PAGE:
|in place of a pumpkin please find an orange|
I have a vast backlog of books sitting on my desk that I've been meaning to compose blog posts about. Some have been waiting patiently (as only books can do) for quite some time. Since today is Halloween, allow me to remove two tomes from this Tower-of-Babel-like stack.
Speaking of Monsters: A Teratological Anthology (ed. Caroline Joan S. Picart and John Edgar Browning) brings together a wide variety of monster theory in twenty-four essays that range from (in the words of Kathleen Long's title) Aristotle to The X-Files. You will find many familiar names here and many classic pieces that come from backgrounds as diverse as critical race studies, queer theory and criminology. The only downside to this capacious project: the book is expensive, and many of the essays (including its reprint of "Monster Culture [Seven Theses]") have been reduced into extracts.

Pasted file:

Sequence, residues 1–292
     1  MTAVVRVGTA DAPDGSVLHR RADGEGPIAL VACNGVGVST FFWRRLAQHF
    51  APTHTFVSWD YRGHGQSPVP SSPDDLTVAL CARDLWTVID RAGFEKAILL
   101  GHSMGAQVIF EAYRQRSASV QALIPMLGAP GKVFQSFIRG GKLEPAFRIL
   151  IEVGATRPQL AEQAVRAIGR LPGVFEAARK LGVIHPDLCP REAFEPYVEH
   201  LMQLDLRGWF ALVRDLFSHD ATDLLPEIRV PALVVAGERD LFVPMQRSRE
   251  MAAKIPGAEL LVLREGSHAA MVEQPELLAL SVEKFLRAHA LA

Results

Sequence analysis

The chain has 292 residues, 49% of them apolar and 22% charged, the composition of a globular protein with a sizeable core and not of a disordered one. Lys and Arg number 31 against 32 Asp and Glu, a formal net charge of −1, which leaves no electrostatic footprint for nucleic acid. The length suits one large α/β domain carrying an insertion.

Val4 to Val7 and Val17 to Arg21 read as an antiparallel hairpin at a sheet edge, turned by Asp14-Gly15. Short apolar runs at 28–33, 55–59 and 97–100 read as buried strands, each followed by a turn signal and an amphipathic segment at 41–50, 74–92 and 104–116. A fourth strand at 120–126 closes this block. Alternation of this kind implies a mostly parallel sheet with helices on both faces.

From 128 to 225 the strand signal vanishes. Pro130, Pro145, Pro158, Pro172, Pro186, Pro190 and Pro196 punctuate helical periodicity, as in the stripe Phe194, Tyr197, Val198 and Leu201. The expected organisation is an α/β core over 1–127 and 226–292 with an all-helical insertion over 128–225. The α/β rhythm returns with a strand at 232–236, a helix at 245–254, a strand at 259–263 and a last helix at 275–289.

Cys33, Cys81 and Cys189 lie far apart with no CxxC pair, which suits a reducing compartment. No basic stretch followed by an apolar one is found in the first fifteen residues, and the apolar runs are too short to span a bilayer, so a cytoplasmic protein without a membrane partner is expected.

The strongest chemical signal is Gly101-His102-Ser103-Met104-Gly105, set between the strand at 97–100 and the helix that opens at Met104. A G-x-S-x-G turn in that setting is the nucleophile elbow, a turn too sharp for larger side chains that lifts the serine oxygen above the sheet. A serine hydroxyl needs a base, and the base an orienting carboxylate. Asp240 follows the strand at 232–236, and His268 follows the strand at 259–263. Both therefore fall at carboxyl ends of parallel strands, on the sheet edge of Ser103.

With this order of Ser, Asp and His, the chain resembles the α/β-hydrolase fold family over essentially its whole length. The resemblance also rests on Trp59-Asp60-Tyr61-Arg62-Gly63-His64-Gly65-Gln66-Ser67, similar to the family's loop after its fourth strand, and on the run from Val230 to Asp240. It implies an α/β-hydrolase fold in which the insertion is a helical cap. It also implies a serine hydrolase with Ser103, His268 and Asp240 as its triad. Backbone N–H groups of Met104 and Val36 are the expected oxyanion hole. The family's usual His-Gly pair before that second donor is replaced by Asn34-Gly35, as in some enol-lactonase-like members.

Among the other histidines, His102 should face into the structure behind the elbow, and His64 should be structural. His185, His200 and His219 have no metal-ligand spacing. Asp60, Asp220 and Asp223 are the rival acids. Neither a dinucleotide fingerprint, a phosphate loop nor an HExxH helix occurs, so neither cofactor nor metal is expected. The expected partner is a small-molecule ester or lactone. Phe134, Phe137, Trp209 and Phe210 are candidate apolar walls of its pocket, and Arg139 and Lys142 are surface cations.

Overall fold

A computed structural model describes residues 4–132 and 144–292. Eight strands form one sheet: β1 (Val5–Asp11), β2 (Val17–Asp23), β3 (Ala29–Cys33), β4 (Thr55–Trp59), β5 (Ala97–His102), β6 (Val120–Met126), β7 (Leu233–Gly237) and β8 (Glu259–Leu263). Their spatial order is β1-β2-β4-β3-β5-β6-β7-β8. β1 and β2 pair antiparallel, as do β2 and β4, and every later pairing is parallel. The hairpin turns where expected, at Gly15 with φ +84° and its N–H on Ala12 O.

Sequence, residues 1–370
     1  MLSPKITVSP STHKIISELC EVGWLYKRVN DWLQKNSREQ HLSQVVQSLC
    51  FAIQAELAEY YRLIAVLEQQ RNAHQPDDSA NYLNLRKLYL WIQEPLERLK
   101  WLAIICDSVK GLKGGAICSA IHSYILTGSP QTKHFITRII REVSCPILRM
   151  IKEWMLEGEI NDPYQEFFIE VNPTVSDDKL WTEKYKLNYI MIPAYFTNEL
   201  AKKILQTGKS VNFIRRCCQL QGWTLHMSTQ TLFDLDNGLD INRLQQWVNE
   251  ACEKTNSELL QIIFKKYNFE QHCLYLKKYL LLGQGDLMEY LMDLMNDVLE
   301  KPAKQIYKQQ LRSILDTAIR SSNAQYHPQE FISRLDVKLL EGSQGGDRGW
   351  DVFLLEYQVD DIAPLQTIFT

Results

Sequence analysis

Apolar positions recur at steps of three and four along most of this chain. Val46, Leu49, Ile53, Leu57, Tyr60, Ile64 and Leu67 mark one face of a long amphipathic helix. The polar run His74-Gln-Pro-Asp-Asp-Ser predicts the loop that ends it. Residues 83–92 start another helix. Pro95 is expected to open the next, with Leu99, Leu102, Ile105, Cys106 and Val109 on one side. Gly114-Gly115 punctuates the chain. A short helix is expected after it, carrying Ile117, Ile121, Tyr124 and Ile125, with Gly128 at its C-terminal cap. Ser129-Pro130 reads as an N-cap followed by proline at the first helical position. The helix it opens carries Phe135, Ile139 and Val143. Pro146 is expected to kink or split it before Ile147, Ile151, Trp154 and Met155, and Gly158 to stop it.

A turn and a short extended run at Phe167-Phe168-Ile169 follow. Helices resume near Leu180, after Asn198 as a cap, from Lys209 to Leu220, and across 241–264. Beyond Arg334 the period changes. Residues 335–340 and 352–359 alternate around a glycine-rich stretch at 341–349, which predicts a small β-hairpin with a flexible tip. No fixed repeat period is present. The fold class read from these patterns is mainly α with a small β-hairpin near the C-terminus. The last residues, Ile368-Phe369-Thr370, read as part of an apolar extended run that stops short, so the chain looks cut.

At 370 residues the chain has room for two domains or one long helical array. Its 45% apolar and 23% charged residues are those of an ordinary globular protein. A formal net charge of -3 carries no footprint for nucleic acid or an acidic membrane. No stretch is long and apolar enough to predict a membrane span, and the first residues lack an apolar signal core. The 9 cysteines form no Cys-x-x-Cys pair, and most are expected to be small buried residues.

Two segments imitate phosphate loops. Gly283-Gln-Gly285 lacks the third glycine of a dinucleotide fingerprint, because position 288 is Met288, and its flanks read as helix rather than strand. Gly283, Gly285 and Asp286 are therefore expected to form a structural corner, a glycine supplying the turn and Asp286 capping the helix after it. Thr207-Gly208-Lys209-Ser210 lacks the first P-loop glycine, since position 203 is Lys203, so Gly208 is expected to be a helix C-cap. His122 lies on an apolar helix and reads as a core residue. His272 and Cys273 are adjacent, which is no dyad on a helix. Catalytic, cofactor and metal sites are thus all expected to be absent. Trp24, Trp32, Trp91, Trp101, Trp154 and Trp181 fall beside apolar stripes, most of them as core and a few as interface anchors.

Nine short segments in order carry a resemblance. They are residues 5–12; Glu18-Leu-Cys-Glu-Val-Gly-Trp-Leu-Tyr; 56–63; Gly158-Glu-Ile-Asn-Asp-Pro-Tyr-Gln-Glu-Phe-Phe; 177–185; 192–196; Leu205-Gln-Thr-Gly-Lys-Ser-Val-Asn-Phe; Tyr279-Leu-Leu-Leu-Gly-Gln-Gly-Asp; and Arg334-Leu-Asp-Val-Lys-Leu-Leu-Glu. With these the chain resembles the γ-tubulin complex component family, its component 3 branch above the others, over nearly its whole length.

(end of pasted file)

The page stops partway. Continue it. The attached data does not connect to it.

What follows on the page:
Alexa Wright's Monstrosity: The Human Monster in Visual Culture is just out from I. B. Tauris. I'm a fan of Wright's work, especially A View from Inside, in which she took the words of those who had suffered "psychotic episodes" and turned them into photographic portraits of their authors done in an eighteenth-century painterly style -- a powerfully collaborative exploration of mental disability. Monstrosity is more historically capacious, and features chapters on the Plinian races, feral children, Joseph Merrick, serial killers and mass murderers. It has a disability studies slant throughout (the three blurbs on the back are Margrit Shildrick, Rosemarie Garland Thomson, and me).